When considering the fact that New York City is a bustling metropolis of millions, it’s ironic how often you hear it’s inhabitants express feelings of loneliness. Or alienation. Or a sense of hopeless disconnection from their fellow denizens. These are trite sentiments, certainly, but that doesn’t make them untrue. Even Mark Twain, when chronicling his time in the The City That Never Sleeps, wrote:
“A man walks his tedious miles through the same interminable street every day, elbowing his way through a buzzing multitude of men, yet never seeing a familiar face, and never seeing a strange one the second time.”
But if New York City offers anything, it’s options–a plethora of them. For almost any malady, the city will graciously afford you the perfect salve for what ails you. And more often than not, it involves a night out at an offbeat locale with the promise of tasty eats, great beats, and a convivial crowd. Recently, Lynn and I found just such respite on a particularly frigid night at Tokyo Record Bar.
What is it?
Tokyo Record Bar is described by its proprietor as “an underground listening room dedicated to quality and obsession through music, food, and booze,” though that hardly encapsulates the experience. A little bit more descriptive is the statement, “an homage to the jewel boxes of vinyl in Japan,” but again, that’s not entirely helpful if you’ve never been to Japan and have no idea that there is a popular style of bar there in which the music you listen to is as big of a focus as the food you are served. So then what is it? Not to worry, we’re happy to elucidate.
How does it work?
The setup is pretty simple: you make reservations for the 18-seat izakaya, confirming 24-hours in advance. To reach the space, you enter through Air’s Champagne Parlor on MacDougal St at least 15 minutes beforehand. Air’s Champagne Parlor, which is a charming space in its own right, has reserved tables and its extensive champagne menu available for the guests of Tokyo Record Bar while they wait. Once all or most of the parties are present, you are led downstairs to the small, ornate, subterranean izakaya.
After you are seated, you are presented with both record and drink menus, as well as pencils and papers to write your choice of songs for the evening’s playlist. The drink list includes a selection of beer and champagne, as well as an extensive filtered and unfiltered sake list. A handy flavor pairing index is on hand to assist with your decision. The record menu offers an eclectic mix of blues, soul, jazz, hip-hop, reggae, funk, and more–something suitable for anyone’s taste. Shortly after everyone has turned in their selections, the DJ for the evening curates the list as he/she sees fit, occasionally adding one of his/her own tracks.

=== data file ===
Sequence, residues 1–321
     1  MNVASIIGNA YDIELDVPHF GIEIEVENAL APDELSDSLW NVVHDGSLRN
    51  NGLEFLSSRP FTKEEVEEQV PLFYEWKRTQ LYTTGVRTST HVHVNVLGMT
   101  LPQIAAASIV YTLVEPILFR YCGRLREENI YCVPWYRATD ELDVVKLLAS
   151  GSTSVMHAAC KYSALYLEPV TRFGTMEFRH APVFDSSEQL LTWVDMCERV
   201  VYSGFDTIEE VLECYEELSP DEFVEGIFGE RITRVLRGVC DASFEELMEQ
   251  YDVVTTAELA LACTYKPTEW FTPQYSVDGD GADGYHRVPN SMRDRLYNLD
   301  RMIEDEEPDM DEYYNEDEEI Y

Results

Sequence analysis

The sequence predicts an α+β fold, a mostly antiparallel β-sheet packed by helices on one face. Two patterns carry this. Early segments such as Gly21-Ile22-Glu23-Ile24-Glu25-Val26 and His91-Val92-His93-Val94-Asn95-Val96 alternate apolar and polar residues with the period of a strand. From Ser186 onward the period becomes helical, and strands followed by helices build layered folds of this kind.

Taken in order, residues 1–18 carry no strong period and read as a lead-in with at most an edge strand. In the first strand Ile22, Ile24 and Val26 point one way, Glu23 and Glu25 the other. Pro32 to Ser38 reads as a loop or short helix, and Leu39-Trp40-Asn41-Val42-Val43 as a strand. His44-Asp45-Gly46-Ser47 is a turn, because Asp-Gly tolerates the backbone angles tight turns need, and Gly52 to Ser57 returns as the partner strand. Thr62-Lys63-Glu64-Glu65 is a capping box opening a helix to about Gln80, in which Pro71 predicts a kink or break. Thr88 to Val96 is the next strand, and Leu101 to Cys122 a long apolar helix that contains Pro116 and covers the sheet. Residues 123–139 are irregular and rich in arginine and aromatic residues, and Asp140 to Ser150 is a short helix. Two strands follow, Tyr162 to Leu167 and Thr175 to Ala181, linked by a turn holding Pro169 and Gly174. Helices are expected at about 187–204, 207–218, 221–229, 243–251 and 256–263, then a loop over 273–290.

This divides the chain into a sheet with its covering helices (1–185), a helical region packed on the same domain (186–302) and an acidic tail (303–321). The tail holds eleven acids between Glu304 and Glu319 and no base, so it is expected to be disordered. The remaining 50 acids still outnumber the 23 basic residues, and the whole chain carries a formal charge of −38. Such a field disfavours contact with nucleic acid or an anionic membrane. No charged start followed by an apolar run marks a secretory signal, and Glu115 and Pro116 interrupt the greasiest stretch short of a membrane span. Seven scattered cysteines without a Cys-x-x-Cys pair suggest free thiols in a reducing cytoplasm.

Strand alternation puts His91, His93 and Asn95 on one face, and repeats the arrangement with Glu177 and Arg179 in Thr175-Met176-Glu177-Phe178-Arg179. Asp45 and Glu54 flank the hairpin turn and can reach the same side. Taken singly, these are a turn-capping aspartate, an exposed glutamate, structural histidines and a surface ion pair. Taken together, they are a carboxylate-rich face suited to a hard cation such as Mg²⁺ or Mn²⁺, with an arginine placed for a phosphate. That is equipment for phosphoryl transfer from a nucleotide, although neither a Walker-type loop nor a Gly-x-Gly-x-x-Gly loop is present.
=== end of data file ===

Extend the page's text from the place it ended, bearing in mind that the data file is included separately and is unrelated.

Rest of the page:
What about the food?
A seven-course izakaya tasting menu is delivered to your seat expeditiously over the 1.5 hour seating. Ours began with an aperitif of sake and snacks such as togarashi coated popcorn, toasted pepitas, and spicy, fermented cucumbers. The courses that followed included interesting dishes like Kaluga Osetra Caviar Sushi and perfectly crispy, oilless Maitake Mushrooms Tempura with Agedashi Sauce. The sixth course–my favorite–was the tender, flaky, dashi-poached Cobia paired with sesame-braised cabbage and fried shallots. And no meal is complete without something sweet. A homemade milk chocolate pudding with soy caramel, rice krispies and orange zest was as satisfying as it sounds. Of course, it couldn’t end there. For one final, whimsical, punctuating dish and with the mindset that nothing is sacred, we were presented with a slice of homemade pizza as a form of smile-inducing digestif.
What did we think?
What Lynn and I liked best about Tokyo Record Bar was the vibe. There was a palpable feeling of inclusion and intimacy. When a song that you didn’t select–but that you love–comes on, you’re exchanging a wink and a nod with your fellow diners. For a brief moment in time, while you relax, dine, and listen to records with your guest and sixteen strangers, you are a part of a collective, swapping songs and stories. And for an even briefer moment, in the dim lighting, amongst the light wood accents and furniture, under a ceiling blanketed with paper cherry blossoms, you feel like you’re somewhere else and not quite so entirely alone.
– Tokyo Record Bar will accommodate dietary restrictions so long as those restrictions are provided ahead of time. Vegetarian, vegan and pescatarian options are available.
– On Monday to Wednesday from 10:30 pm – 2:00 am the basement flips to a late night hang with DJs playing records and an a la carte izakaya menu.
– Cancellations can be made up to two hours before reservation time; less than two hour notice will be subject to the full charge for dinner.
127 Macdougal St (Enter through Air’s)
Mon-Wed 6:30 pm & 8:30 pm
Thu-Sat 6:30 pm & 8:30 pm & 10:30 pm
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